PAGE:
What can I say? Much as I love Cate Blanchett and Geoffrey Rush, I can never watch Elizabeth without cringing at what Hirst, Kapur and Craig together managed to make of Father John Ballard – in terms of both historical accuracy and characterisation.
Because, Hirst’s vagaries apart, all we know of John Ballard points to a rather more complicated and fascinating character than Daniel Craig’s impassive (and quite possibly mad) fanatic. A Suffolk Catholic, young John went to Cambridge, graduated at St. Catherine and then moved to Caius, a college with a doubtful name, considering its Catholic second founder and several alumni… By 1579, perhaps having had enough leading the recusant’s life at home, he fled to France, where he entered the English Seminary in Rheims. He was ordained as a priest in 1581.
A Jesuit priest, it seems – although I’ve read recently that there might be some doubt about this. I confess I’d be surprised and a little disappointed. English Jesuits out of Rheims and Douai were most active in the matter of crypto-Catholicism: they travelled back to England under false names, smuggled in incendiary religious tracts, lived in hiding, celebrated clandestine masses… all of which amounted to treason, quite the capital offence. In Elizabeth’s England being a Catholic was costly and awkward, but not forbidden; practicing Catholicism, though, was another matter. Indeed, most of these “missionaries” back from France, after a colourful career filled with flights, disguises, uncomfortable sojourns in some priest’s hole, betrayals and pursuits, were caught, imprisoned and sent to an extremely unpleasant end. The English Martytology is filled with Jesuit missionaries, such as Edmund Campion and Robert Southwell – just to name a few. John Ballard is not in that list, though – and with good reason: Ballard wasn’t content with preaching and celebrating mass. He wanted Elizabeth dead and England conquered.
So he began a Europe-trotting life as a recruiter and schemer, shuttling between the Papal court, the Spanish ambassador Bernardino de Mendoza, Mary Stuart’s agents, the English Catholics… He kept telling the latter that Rome and Madrid were ready to act the moment England rose against Elizabeth, and everyone else that England was ready to rise the moment Rome and Madrid acted… One imagines him as a charismatic, eloquent man. It seems that the wily Mendoza was a tad wary – but everyone else listened in rapt fascination.
Then in 1584 Father Ballard landed in England – very secretly, of course – for a campaign of clandestine masses and exorcisms. And perhaps we don’t entirely grasp the impact of such a thing, but the English Catholics were swept off their collective feet. Again, Ballard was quite the performer: commoners and gentry crowded his meetings, and among the others was a rather excitable young gentleman called Anthony Babington. It took a Mendoza to resist Ballard’s charm. Young, hot-headed and hero-worshipping Babington fell completely under the spell.
He was sorely disappointed when Ballard soon left for the Continent again to resume his travels and campaigning: the Pope in Rome, Mendoza and Mary’s men in Paris… His game never changed much: to everyone he told what he wished were the truth – what he was convinced would become the truth with some nudging and pushing…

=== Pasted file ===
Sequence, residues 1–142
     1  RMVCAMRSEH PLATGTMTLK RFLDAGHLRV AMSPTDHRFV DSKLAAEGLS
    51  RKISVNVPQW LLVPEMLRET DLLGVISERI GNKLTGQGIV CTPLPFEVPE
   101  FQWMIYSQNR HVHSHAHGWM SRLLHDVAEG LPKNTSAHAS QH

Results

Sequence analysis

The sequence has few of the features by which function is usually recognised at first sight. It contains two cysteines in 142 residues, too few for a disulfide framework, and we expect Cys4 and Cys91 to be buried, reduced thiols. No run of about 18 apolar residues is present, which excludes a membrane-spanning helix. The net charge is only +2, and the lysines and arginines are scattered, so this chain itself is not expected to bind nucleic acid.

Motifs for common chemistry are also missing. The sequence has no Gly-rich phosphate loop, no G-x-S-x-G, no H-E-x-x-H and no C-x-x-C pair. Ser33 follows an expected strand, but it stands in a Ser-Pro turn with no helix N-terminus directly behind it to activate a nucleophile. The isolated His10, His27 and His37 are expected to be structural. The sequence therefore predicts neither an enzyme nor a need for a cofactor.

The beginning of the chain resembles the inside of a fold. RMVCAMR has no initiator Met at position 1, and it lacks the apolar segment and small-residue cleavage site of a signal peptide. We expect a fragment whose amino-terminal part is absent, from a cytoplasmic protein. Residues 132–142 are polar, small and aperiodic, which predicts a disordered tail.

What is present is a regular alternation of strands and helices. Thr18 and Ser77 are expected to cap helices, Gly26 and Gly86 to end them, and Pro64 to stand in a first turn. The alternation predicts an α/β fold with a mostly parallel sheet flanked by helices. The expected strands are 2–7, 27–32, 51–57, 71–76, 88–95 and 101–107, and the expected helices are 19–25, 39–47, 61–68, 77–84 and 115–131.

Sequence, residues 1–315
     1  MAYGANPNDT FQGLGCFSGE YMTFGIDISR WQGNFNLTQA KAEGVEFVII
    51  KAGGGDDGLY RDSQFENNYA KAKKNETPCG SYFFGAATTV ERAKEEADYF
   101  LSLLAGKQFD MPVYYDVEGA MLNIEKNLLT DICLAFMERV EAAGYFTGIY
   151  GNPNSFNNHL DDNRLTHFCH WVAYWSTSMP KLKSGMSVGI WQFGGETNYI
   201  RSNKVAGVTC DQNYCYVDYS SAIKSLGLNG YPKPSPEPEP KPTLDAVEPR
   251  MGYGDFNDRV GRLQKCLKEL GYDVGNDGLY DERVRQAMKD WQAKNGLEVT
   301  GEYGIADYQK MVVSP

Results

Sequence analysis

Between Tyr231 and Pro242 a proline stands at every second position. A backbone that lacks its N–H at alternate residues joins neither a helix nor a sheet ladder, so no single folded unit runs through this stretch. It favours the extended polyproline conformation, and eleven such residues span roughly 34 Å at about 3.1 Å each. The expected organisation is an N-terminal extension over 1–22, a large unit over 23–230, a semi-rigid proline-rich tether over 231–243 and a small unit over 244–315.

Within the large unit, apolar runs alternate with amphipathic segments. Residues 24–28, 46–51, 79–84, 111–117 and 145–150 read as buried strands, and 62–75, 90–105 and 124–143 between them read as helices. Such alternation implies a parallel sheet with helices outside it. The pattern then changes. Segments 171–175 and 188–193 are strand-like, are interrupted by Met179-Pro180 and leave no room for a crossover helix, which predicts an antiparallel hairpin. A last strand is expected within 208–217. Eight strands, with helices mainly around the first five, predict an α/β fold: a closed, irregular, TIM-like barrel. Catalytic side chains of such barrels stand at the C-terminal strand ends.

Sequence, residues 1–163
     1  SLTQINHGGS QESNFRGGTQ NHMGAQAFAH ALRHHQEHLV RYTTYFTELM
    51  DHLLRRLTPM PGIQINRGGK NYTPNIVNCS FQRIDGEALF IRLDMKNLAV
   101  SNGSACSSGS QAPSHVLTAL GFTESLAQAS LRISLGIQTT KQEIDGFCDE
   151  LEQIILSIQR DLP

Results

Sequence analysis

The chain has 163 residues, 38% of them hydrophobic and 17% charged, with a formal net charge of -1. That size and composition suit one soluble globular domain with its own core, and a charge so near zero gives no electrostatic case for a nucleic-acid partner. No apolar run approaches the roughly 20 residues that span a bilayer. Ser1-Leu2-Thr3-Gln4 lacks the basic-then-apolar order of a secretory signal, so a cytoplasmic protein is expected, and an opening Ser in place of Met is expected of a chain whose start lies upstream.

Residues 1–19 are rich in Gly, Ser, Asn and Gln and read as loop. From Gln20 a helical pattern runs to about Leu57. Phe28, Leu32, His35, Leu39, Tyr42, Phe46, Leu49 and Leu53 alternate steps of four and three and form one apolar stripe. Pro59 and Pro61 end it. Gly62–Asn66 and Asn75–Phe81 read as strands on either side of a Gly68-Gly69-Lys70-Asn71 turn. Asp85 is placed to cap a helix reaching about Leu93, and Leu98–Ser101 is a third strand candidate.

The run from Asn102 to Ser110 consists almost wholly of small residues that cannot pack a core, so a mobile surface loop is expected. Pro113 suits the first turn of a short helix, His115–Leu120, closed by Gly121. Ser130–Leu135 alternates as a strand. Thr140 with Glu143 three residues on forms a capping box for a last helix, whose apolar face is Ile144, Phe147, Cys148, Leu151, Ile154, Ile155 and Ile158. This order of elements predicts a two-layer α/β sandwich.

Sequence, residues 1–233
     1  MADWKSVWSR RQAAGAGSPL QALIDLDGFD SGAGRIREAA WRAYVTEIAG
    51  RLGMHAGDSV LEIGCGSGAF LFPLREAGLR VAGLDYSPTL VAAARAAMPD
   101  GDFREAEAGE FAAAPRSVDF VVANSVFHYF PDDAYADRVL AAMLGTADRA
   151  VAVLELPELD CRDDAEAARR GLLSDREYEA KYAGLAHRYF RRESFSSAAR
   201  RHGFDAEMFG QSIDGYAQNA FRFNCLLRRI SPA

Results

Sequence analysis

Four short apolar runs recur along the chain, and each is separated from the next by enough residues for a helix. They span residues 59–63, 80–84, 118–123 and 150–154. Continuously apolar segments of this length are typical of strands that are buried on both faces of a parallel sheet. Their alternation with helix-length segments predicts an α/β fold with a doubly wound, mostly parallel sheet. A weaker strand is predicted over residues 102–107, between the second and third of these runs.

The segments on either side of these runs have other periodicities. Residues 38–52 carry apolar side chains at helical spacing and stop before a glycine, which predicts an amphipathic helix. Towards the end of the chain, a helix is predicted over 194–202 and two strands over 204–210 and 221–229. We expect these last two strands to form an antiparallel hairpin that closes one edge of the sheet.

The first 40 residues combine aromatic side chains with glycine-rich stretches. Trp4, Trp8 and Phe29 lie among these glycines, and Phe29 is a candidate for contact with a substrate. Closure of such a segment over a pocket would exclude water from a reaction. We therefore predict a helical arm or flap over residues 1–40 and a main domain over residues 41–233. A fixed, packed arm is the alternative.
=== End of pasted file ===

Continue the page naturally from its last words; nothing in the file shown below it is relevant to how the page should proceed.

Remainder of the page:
In 1586 he was back in England, charged with the preparation of a Catholic insurrection. They were in earnest, this time, and Ballard lost no time gathering a following of wildly high-flown young men – first and foremost Babington. To avoid suspicion and move freely about, our daring Jesuit adopted the alias of Captain Fortescue, a silk-wearing soldier known to his acquaintances as Black Foskew for his swarthy complexion and a penchant for black finery.
Still, neither a good actor nor a fiery zealot make necessarily for a good conspirator. Captain Fortescue never suspected that his inseparable companion, a man named Bernard Maude, was a Queen’s man. And Babington’s confidant, Robin Poley? Another agent. Moreover, when it dawned on him that Ballard’s plans included the small matter of murdering the Queen, Babington grew nervous, and unwary, and loose-tongued.
Not that it would have made much difference, most likely. The plot was doomed from the start, and if it got as far as it did, it was because Elizabeth’s spymaster, Sir Francis Walsingham, wanted to use it to seal Mary Stuart’s fate. And indeed, Ballard had instructions to secure the support of the Scots Queen who, uncharacteristically wary at first, ended up compromising herself in full. As soon as Walsingham had Mary’s incriminating letter in his hands, the game was up.
Ballard was caught first, but soon Babington and the others joined their leader. They were all tortured – although there was precious little left to uncover by then. Within days, Ballard, Babington and four others where hanged, drawn and quartered – the whole process so horrific that it shocked even the usually blood-thirsty London crowds.
Mary Stuart was tried for treason, found guilty and beheaded the following February. The plot that should have freed and crowned her – and instead ended in her death – is still named after its weak link: the Babington Plot. Don’t you think it should rather bear the name of John Ballard, the charismatic leader who built it all on a scaffold of exaggerations, eloquence, and half-lies, and then gave it all away out of blind recklessness and misplaced trust?